Mayor Tate says new SEQ plan provides half-century vision for GC

Gold Coast Mayor Tom Tate has welcomed the new draft plan for the future development of South East Queensland, labelling it a guarantee for the prosperity of future generations on the Gold Coast.

The 50-year vision, released by the Queensland Government on Thursday morning, maps out the future direction for economic development and social growth.

Mayor Tate says it’s all about the ability of future generations to find work, afford a home and enjoy all the Coast has to offer.


The document gives the City of Gold Coast the ability to forward plan, and most importantly, broaden the region’s economic base, he said.

“While protecting our green spaces, it also gives us the flexibility, especially along the Light Rail corridor for us to have a higher density of development and build up.

“The key issue for us on the Gold Coast is broadening our economy so we become more of a city that doesn’t only rely on tourism.”

The mayor pointed to the city’s growing Health and Knowledge Precinct, centered around Griffith University and the adjacent Gold Coast University Hospital, as well as the growth of the I.T industry in the region.

Deputy Premier Jackie Trad said the plan was developed through extensive consultation with the region’s councils, industry and the community.

“It’s vital that the SEQ Regional Plan reflects the values, needs and great ideas of the community which is why we worked in close partnership with the region’s 12 Mayors and consulted with South East Queenslanders to develop this draft plan,” Ms Trad said.

With the population predicted to grow to over 5.3 million people over the next 25 years, the government believes this new draft plan will help cater for that amount of growth.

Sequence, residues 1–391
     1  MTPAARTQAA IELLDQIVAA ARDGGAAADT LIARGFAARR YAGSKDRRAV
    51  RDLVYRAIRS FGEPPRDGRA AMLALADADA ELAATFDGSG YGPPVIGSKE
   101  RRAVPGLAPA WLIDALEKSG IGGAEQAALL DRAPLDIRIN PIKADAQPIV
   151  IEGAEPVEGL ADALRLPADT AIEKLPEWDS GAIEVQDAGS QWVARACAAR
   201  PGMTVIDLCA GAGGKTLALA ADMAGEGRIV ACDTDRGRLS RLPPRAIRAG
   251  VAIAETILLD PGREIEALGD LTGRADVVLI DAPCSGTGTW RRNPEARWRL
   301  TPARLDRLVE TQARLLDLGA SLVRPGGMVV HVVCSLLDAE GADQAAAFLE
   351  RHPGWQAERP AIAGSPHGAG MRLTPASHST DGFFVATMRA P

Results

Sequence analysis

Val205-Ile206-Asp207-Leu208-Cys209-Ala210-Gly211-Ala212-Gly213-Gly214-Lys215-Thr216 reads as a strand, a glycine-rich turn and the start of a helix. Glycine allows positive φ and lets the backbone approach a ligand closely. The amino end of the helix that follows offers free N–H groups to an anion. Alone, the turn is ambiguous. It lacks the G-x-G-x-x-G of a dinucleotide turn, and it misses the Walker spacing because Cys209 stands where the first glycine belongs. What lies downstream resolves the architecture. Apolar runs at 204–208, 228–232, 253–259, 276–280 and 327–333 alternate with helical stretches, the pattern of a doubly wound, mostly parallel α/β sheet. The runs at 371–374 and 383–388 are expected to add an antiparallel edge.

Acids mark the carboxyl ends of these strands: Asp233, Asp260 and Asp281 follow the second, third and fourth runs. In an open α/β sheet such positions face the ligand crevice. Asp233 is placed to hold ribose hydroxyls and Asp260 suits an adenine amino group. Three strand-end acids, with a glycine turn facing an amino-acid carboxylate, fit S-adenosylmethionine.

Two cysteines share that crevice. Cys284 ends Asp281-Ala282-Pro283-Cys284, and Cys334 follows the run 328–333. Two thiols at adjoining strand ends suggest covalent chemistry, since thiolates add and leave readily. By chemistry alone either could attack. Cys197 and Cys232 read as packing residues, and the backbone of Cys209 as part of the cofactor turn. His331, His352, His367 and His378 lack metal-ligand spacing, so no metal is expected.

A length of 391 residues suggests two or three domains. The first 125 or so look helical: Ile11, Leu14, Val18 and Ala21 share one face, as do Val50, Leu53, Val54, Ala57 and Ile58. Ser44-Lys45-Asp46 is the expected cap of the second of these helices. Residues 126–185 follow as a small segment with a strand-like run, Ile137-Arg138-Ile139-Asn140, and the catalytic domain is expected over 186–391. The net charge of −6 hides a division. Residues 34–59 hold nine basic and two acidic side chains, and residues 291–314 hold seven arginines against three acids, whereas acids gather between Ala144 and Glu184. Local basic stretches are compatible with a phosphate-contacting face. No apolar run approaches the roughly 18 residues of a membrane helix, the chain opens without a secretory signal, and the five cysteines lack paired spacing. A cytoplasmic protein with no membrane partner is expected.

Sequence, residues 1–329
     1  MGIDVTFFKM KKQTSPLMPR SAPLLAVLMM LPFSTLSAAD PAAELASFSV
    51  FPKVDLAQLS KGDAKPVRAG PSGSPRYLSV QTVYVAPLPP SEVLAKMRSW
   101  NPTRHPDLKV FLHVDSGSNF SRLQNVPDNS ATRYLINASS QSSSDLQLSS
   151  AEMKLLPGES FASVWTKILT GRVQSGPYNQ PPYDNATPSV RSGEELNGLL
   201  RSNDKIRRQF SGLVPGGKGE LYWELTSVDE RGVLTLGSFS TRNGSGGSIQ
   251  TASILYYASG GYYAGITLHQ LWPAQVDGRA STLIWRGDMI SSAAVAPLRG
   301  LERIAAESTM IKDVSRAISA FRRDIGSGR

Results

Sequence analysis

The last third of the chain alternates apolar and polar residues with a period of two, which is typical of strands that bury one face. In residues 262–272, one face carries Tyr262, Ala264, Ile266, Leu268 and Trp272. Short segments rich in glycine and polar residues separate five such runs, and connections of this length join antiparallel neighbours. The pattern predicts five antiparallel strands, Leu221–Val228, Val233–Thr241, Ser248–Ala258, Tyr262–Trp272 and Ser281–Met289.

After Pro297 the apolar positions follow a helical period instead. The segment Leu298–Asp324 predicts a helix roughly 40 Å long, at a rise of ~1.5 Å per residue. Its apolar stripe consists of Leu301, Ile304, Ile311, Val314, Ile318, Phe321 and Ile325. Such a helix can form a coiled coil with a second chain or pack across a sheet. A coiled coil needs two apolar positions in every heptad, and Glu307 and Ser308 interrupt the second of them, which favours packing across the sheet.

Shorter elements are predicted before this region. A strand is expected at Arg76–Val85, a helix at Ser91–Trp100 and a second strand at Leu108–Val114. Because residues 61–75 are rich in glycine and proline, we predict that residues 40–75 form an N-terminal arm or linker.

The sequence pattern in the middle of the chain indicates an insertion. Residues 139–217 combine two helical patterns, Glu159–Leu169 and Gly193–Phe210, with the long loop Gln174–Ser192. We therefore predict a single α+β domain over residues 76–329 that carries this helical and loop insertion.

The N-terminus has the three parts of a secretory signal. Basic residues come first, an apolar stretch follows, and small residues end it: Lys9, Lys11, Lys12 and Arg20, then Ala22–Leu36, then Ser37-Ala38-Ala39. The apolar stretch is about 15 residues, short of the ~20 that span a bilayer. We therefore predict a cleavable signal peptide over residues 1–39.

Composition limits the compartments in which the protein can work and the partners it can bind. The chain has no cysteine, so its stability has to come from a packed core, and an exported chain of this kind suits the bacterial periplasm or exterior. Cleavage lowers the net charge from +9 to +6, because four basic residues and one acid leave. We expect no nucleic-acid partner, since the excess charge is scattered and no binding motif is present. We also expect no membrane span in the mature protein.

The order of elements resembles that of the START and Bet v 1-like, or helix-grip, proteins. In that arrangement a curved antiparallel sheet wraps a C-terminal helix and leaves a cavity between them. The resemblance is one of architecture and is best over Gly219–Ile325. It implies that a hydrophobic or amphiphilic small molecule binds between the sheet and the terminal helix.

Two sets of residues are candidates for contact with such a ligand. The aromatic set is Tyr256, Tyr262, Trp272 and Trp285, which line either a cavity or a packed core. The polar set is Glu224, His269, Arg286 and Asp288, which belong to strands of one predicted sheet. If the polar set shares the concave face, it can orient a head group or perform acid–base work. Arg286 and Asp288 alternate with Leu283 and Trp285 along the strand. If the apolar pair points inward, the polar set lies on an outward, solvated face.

“Throughout the State we are seeing innovative new industries emerge, the delivery of exciting urban renewal precincts and more and more people choosing to call Queensland home,” Ms Trad said.

“Through smart planning we can ensure that we are ready to capitalise on the transition to a services and knowledge driven economy. That means a lift in economic growth and more jobs for Queenslanders.”

Ms Trad said one of the important features of the draft SEQ Regional Plan was a focus on unlocking land that has been identified for urban development but has so far been underutilised.

“Unlocking land already within the urban footprint is critical, ensuring that there is less demand for expanding into our natural environment,” she said.

Another aspect of the plan was to consider the services required.

“The draft plan focuses on affordable living – not just affordable housing – and looks at the way that people interact with their community and the services around them.

While Urban Development Institute of Australia President Stephen Harrison welcomed today’s announcement, he also believes it’s important to shift focus from the apartment boom to high quality urban design outcomes in inner to middle ring suburbs.

“The supply of infill housing is currently constrained by a number of factors and the regional plan needs to ensure some of the challenges associated with currently delivering infill development including fragmented land tenure and planning impediments are addressed, so that the targets of the regional plan can be realised,” Mr Harrison said.

Mr Harrison said it’s important that there is a supporting and dedicated infrastructure and public transport plan and implementation measures including a long term land supply monitoring system.

“It is critical that that funding is dedicated to ensure that the outcomes of the regional plan are supported by an extensive performance monitoring program including land supply” he said.

Residents across South East Queensland are being called on to have their say on the draft plan with extended public consultation open until 3 March 2017.

There will be 22 community events where residents can talk to a planner in each of the 12 council areas.

To view the draft report or to register for the Gold Coast forum visit-